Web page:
8 takeaways from our latest Banking as a Service episode
The fourth episode of our brand-new video series, Decoding: Banking as a Service, is here! If you missed it (or any of the others) catch up here. Here’s a rundown of this episode if you prefer reading to watching 📖
The innovation required to jump on the BaaS bandwagon can feel threatening for big banks. But there are a number of benefits they can leverage from adopting BaaS - and they don’t really have a choice anymore.
What are the benefits?
- Cost cutting - Outdated legacy systems have been holding big banks back for years now, but restructuring this outdated ecosystem and rebuilding a more modern ecosystem and culture is going to take some time. Partnering with brands will enable banks to grow their balance sheets in a way they haven’t before, and take away all the cost of distributing financial products.
They’ll either have to get on the bus or be left behind.
Seth Ross, Greendot
How might the role of big banks change?
- Big banks can no longer rely on their brands to instil trust - The likes of HSBC and Barclays are renowned for being safe; the presence of big, familiar branch names on the high street gave people a sense of security. But with some banks considering closing up to 50% of their bricks and mortar stores post-pandemic, they can no longer rely on this.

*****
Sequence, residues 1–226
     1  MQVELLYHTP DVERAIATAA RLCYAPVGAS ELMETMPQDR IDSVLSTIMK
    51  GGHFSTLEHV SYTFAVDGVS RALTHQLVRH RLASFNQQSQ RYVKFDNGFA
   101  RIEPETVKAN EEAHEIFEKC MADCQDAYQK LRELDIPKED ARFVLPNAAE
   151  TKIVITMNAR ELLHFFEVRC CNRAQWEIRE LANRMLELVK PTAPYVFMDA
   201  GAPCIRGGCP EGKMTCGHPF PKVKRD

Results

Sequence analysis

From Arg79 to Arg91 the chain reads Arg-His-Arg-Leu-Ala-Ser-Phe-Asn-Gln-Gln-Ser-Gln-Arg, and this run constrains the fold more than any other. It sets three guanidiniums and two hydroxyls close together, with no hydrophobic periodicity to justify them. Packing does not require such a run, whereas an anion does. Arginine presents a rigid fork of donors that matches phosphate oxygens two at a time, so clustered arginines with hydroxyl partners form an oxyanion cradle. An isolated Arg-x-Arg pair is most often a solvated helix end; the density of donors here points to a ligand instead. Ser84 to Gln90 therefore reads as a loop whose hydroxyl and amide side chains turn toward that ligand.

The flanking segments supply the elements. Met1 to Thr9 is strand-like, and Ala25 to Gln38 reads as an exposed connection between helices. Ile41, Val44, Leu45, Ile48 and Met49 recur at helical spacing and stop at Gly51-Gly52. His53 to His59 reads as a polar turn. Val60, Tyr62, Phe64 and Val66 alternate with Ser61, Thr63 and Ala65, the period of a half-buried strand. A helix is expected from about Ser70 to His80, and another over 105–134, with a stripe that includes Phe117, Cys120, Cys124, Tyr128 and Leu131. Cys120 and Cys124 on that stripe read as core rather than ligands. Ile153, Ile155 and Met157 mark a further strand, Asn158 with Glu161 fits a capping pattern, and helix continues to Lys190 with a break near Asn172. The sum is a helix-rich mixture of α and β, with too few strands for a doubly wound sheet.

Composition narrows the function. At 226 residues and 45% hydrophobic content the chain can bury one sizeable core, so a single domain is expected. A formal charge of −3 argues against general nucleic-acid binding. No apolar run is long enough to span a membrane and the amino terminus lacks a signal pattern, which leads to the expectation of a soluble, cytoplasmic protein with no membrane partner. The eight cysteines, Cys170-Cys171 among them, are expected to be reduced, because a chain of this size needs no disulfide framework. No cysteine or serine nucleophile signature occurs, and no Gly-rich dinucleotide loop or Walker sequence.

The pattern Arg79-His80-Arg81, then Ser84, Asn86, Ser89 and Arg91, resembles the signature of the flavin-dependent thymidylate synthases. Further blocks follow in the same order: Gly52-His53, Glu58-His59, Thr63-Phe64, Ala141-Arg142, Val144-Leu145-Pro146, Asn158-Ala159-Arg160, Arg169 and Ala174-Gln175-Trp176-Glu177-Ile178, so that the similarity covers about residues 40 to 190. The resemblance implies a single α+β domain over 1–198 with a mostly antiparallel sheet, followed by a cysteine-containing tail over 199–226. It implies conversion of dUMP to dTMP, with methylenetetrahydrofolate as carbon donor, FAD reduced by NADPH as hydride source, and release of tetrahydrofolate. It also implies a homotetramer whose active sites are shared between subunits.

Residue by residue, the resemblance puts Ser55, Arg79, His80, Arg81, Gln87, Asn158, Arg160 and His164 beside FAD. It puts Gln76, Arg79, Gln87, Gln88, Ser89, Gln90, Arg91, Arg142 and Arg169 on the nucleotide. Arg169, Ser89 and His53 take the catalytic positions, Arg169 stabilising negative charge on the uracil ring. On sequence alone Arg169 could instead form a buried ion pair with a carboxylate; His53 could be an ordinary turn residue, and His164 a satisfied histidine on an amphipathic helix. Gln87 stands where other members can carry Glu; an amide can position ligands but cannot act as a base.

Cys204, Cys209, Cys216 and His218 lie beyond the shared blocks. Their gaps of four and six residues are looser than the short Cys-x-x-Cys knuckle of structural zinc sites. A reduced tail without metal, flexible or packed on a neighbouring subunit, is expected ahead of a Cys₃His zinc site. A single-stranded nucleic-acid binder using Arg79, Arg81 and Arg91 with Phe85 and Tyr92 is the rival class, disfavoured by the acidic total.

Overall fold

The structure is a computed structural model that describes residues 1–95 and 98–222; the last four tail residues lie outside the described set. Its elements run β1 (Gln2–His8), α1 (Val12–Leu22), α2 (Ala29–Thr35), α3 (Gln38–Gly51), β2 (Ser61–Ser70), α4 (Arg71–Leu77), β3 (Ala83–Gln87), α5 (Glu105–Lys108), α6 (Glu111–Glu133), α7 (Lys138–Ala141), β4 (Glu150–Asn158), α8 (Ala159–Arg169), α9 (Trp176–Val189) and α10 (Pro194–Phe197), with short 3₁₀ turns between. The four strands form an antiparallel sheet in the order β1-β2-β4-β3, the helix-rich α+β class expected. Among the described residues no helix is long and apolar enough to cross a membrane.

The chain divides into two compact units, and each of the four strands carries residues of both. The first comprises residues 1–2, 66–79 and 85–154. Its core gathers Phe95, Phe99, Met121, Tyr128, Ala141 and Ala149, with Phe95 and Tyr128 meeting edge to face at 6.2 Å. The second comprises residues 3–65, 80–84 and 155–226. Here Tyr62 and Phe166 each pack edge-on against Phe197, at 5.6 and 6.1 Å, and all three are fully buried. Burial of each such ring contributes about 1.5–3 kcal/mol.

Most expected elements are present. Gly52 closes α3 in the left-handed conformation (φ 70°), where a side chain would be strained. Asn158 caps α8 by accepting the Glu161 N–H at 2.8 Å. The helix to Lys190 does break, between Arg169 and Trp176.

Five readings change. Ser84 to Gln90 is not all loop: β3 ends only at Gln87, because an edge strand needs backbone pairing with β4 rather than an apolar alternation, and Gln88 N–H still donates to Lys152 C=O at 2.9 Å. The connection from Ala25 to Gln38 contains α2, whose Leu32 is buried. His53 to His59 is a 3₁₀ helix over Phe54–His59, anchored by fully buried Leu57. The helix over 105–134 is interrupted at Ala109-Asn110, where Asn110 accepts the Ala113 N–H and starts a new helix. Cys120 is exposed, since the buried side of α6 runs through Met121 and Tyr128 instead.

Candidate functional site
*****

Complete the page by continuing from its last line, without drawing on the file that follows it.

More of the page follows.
- Everything is moving online - People are realising how much easier many banking services are when done online rather than in-branch. For example, over the last year, 69% of account openings in the US came via a mobile app.
At the end of the day, people might not love banks, but they trust them.
Yolande Piazza, Google Cloud
What do big techs bring to BaaS?
- It allows them to differentiate their services - Financial services offer a very attractive opportunity to grow the economic pie that they’re able to capture, helping them increase their stickiness for customers.
- They can provide speed and agility - Tech giants can help with speed and the provision of services without taking over the customer relationship. They can enable an organisation to run smoothly and efficiently, while reducing their operational costs.
Where do challenger banks fit in this ecosystem?
- They’ll become the ones pushing the boundaries of what’s possible - Challenger banks could become our ‘financial control centres’, where a number of fintech apps are aggregated in one place to provide a seamless experience.
- Big banks will become their partners - Instead of seeing traditional banks as direct competitors, challenger banks might begin to see big banks as players who can help them with the difficult back-end operations.
- They have the advantage of operating up and down the stack - Some players have set themselves up to work as consumer facing propositions, while others have the technical capabilities which enable them to drop further down the stack. Take Starling, for example. They’ve effectively built a bank on top of a set of APIs. Now, they’re offering themselves out as a BaaS player and a lot of people are interested.
They’ve had a head start because they’ve been built in that modular way that makes BaaS so much easier to engage with.
Kate Moody, 11:FS
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